Stop aging by eating healthily to lower cholesterol, boost blood flow, reduce cell damage and lower risks of heart disease and type II diabetes.
1. Eat Plants - Not Foods Made in a "Plant"
Many studies including the American Heart Foundation, encourage a plant based diet to reduce risk of heart disease. One of the key principles is ‘the more variety of vegetables the better’ – sorry, potatoes and french fries do not count.
Try to eat a variety of vegetables and the more colourful the better. Why? Because the very colourful vegetables are supercharged with nutritional vitamins, minerals, fibre, special phytonutrients, antioxidants and potent anti-inflammatories.
- Asparagus, bell peppers, and bok choy are rich sources of B vitamins (especially vitamin B6) which helps lower homocysteine (an amino acid linked to heart disease) and C-reactive protein (a marker of inflammation).
- Carrots and tomatoes, oranges and bananas, are rich in carotenoids including lycopene, an important antioxidant.
- Leafy greens like rocket, lettuce, beets, kale, spinach are all rich sources of nitrates, a form of nitrogen absorbed from the soil. During digestion, that compound is converted into an important gas: nitric oxide, which makes arteries resist contraction, plaque, and blood coagulation, so strokes and heart attacks can’t occur.
Tip: Add greens to everything soups, sandwiches, smoothies, and whatever else you can think of.
2. Omega 3
Many people are Omega 3 deficient.
Omega 3 benefits:
- heart and arteries reducing blood pressure, reducing formation of clots, plaque and inflammation
- eye health
- brain and memory health
- fighting inflammation and autoimmune disease
- reducing fat in live and potentially bone and joint health
- great for your skin
How to Get Omega 3 in Your Diet
Sources of plant based omega 3s *– ALA – mg/serve
- Nuts and Seeds 30g serve: Walnuts 1,884, Pecans 186, Hazelnuts 36, Tahini 36
- Chia Seeds 15g serve: 2,685
- Flaxseeds also known as Linseeds 1 tsp or 4g: 922
- Fats and Oils 1T or 30g serve: Flaxseed/Linseed 10,918, Canola 1,820, Soybean 1,434, Olive Oil 92
Sources of marine based omega 3s* – EPA and DHA
– Fresh fish 150g serve:
- > 500mg – mullet, Atlantic salmon, mackerel, Australian salmon, sardine, silver perch, rainbow trout, bream
- 400-500mg – yellow-tail kingfish, Australian herring, trevally, snapper, flounder, mirror dory, jack mackerel, tuna
– Canned fish – 100g serve
- >1500 mg – canned sardines, salmon
- 500-1500 mg- canned salmon (some varieties), tuna, mussels, anchovies, Atlantic pickled herring, smoked oysters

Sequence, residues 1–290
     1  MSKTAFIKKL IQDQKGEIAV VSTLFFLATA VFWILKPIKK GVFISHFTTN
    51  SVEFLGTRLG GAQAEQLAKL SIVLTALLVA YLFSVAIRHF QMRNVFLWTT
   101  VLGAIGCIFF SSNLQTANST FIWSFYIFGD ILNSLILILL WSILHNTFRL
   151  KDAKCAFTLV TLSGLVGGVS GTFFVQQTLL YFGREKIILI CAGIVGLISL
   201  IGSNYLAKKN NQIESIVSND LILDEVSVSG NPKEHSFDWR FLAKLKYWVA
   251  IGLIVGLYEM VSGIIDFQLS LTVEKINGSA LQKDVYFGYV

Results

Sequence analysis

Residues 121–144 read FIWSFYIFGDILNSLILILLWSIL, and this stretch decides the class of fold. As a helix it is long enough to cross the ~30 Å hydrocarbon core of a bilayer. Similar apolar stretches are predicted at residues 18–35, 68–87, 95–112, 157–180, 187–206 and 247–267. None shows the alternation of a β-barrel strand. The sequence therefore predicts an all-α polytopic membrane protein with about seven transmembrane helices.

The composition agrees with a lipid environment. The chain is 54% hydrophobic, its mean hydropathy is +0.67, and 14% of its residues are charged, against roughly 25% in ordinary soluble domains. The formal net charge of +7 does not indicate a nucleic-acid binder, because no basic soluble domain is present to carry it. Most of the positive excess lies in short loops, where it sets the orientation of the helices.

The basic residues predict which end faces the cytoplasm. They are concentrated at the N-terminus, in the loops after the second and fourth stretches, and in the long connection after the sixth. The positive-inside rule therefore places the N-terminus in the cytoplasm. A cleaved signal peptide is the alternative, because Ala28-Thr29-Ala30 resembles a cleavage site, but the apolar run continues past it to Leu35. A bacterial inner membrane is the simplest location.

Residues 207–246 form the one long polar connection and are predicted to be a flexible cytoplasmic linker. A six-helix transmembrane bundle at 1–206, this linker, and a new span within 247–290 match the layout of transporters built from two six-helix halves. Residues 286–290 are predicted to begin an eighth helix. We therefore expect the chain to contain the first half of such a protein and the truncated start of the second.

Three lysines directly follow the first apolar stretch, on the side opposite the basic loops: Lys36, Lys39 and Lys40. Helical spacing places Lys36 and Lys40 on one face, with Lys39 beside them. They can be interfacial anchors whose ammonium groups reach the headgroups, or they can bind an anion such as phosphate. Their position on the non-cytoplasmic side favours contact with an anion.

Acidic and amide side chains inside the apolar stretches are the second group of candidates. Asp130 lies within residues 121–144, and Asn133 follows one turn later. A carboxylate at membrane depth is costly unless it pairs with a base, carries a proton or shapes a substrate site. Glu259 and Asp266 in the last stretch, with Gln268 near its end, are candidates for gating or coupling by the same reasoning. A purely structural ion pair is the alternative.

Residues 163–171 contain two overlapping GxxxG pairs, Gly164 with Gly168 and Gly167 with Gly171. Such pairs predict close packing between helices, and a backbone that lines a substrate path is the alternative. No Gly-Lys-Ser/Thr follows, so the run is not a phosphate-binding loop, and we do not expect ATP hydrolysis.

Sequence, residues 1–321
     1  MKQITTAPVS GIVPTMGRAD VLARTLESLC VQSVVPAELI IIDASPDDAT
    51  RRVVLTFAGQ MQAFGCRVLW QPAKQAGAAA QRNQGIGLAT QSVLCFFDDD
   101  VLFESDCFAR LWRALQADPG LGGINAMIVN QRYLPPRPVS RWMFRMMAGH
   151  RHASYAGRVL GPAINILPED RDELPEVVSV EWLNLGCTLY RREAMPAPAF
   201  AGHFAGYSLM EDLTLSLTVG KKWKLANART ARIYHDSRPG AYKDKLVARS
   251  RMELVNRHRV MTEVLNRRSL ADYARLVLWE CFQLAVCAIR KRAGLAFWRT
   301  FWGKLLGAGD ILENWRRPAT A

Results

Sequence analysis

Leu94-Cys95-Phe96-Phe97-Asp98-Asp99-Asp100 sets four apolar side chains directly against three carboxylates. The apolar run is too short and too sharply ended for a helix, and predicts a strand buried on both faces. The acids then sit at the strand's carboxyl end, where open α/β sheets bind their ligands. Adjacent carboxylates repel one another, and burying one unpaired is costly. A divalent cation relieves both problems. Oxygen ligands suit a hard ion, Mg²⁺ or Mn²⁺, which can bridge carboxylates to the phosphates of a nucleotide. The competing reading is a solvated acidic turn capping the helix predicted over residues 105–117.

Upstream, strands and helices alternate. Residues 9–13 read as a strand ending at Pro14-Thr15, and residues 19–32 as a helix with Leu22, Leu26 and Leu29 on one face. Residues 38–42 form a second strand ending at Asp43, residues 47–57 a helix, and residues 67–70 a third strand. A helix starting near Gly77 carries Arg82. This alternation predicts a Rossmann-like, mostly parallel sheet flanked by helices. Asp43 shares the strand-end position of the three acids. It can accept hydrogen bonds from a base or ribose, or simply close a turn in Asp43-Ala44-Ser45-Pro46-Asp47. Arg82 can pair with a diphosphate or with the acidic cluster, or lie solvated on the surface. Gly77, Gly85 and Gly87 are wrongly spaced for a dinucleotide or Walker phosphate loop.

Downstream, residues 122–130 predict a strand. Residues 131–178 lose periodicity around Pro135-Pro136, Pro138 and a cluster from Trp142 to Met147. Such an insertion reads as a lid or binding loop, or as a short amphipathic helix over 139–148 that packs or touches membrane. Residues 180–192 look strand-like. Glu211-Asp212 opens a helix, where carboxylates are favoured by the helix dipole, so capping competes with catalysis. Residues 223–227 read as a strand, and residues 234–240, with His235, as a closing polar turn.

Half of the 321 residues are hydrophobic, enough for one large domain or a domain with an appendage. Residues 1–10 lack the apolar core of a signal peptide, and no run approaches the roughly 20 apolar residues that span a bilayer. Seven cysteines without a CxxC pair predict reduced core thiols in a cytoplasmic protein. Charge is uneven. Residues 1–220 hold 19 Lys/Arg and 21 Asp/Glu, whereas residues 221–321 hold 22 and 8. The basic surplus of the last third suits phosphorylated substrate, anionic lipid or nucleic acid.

– Seafood – 100g serve
- 500-1000mg – green and blue mussels
- 300-500mg – squid, calamari, oysters
- <300mg – scallops, prawns, octopus, crab, lobster, Moreton Bay bug
*This information sourced from National Heart Foundation of Australia 2015
The Heart Foundation of Australia recommends aiming for:
- 2-3 serves of fish (including oily fish) per week for 250-500mg of marine sourced omega 3s (EPA and DHA) AND
- 1 gram of plant sources ALA omega 3 each day
3. Fibre - Whole Grains
Many whole grains are good sources of dietary fibre, which we all need as part of a balanced diet.
Refined grains contain little or not fibre.
In addition to fibre grains provide additional nutrients like thiamin (Vitamin B1), riboflavin (Vitamin B2), niacin (Vitamin B3), folate (Vitamin B9), iron, magnesium and selenium which body form new cells, carry oxygen in the blood, regulate the thyroid and maintain a healthy immune system.
Eat a variety of whole grains, like whole-wheat breads, pasta and brown rice. Limit refined grains like white rice and white bread.
Dietary fibre can help you improve blood cholesterol levels and lower your risk of heart disease, stroke, obesity and even type 2 diabetes.
Bonus: Fibre can also help if you are trying to lose weight as fibre can help you feel full, so you’ll be satisfied with less calories. Try adding fibre like oats LSA (linseed, sesame, almond) and soaked chia seeds to your smoothies.
4. Fibre - Other Sources
Soluble fibre is found in legumes, lentils and vegetables and according to the Mayo Clinic can reduce the absorption of cholesterol into your blood stream.
The American Heart Association explains eating high-fibre foods help control blood sugar and blood cholesterol, and they help keep you full.
So think more legumes and less meat. Maybe start by replacing one meat-based meal per week with legumes (cannellini beans, lentils, chickpeas etc)
Try these meat free, diary free recipes for inspiration.
5. Spices and Herbs
Spices and Herbs are concentrate from plants, so they contain the same protective chemicals that plants use to ward off pests and disease. When we consume these chemicals from spices, they protect the cells in our body from disease too. Because it is concentrated consider using organic to minimise your exposure to pesticides.
Tip: Try getting used to adding turmeric, ginger, cinnamon etc to everything from your chia pudding in the morning to savoury dishes and salad dressings. Other great spices are allspice and nutmeg. Mix a variety of spices and herbs with extra virgin olive oil add a little apple cider vinegar and use with salads, soups, potatoes, side dishes, anything really for fresh, health flavour.
The allium in garlic has been shown to improve blood cholesterol, reduce blood pressure, and lower the risk of developing heart disease.
Turmeric is rich in curcumin, which has been shown to reduce cholesterol, triglycerides, and blood sugar and has strong anti-inflammatory and antioxidant benefits.
Research has shown that turmeric may also improve memory and Alzheimer’s, ease depression by boosting serotonin and dopamine which improve mood and help new cells grow.
Tip: Team turmeric with black pepper to boost its bioavailability by up to 2000%!
Ginger is a natural anti-inflammatory herb that has been shown to thin the blood.
Tip: For me I only like fresh ginger, organic if possible. It is not too difficult to grow in your garden. Try this article from Preparedness Mama about growing your own ginger.